Wednesday, October 27, 2021

Listen to the Trees, and read about them, too.

Laura Miller's writing on books for Slate is always engaging as well as thoughtful, informative, and even surprising. Her latest piece on all the trees in books lately is a perfect example of this:

In the penultimate episode of Ted Lasso’s second season, junior coach Nate is feeling shirty, complaining to his co-workers that Ted, the head coach who gave him a chance when everyone else overlooked him, is taking credit for Nate’s brilliant ideas. Coach Beard looks up from the book he’s reading and remarks, “We used to believe that trees competed with each other for light. Suzanne Simard’s fieldwork challenged that perception, and we now realize that the forest is a socialist community. Trees work in harmony to share the sunlight.” Coach Beard’s choice of reading material—Merlin Sheldrake’s Entangled Life: How Fungi Make Our Worlds, Change Our Minds & Shape Our Futures—is partly an in-joke. (In an earlier episode, Beard accidentally got high on mushroom tea.) But it’s also a nod to the role subterranean fungi play in linking the roots of forest trees to one another, forming what one of the first journals to print Simard’s research called the “Wood Wide Web.”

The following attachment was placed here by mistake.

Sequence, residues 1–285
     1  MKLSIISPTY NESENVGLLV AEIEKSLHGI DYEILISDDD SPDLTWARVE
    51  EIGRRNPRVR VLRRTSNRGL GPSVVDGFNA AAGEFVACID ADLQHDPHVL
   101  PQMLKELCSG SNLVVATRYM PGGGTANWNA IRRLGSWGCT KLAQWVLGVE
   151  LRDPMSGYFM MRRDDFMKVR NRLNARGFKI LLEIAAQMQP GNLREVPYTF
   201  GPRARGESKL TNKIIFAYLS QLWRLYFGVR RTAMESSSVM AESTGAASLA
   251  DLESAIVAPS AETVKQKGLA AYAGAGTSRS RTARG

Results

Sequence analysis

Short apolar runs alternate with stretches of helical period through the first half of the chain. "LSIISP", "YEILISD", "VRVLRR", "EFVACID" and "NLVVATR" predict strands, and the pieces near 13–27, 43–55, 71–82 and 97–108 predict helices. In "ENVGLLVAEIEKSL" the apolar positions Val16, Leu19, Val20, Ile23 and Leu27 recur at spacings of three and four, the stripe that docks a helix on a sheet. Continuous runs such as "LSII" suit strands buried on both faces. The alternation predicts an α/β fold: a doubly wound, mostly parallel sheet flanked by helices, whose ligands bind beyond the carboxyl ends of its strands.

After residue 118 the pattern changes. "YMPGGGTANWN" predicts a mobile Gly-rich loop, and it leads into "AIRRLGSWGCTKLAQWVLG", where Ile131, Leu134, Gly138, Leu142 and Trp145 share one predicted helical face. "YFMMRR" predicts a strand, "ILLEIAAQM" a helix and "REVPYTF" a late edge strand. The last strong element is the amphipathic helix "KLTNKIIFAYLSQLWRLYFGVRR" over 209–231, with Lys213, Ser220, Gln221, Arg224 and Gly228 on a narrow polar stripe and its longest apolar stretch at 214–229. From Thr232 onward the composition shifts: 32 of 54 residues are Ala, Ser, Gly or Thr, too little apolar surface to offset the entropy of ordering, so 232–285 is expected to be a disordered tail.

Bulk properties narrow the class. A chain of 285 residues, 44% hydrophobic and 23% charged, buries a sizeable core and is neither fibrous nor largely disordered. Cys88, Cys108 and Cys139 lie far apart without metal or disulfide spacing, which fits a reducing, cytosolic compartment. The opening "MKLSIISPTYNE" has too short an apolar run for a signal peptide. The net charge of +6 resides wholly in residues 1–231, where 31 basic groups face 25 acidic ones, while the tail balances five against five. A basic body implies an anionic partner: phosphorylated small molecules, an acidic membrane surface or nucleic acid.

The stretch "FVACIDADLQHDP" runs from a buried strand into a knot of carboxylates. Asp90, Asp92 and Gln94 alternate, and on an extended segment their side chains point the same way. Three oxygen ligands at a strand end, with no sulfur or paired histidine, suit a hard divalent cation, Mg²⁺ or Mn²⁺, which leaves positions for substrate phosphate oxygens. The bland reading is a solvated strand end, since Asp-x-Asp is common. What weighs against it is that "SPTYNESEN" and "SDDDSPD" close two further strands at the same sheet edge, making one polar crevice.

From this fun introduction, Miller dives headfirst into the myth and reality of the wisdom of the trees ... and perhaps the Lorax. But this piece also scrutinizes the claims and thoroughly investigates the messages from the many popular books touting anthropomorphism of the world's tallest inhabitants. And she arrives at a satisfactory conclusion with a bit of her own personal insight and experience.

As someone who takes a walk in the woods almost every day to get a break from all that, I’ve found that the thing I love most about trees is how different they are from human beings. They are still, slow, unfathomable, quiet. What a marvel to share the world with beings so alien, whose experience, if it can even be called that, I’ll never truly grasp. I find their otherness calming, it’s true, but I don’t expect them to teach me anything. Just getting this chance to coexist with them is a blessing worth fighting for. And besides, what’s the point of looking around you if all you really want to see is yourself?

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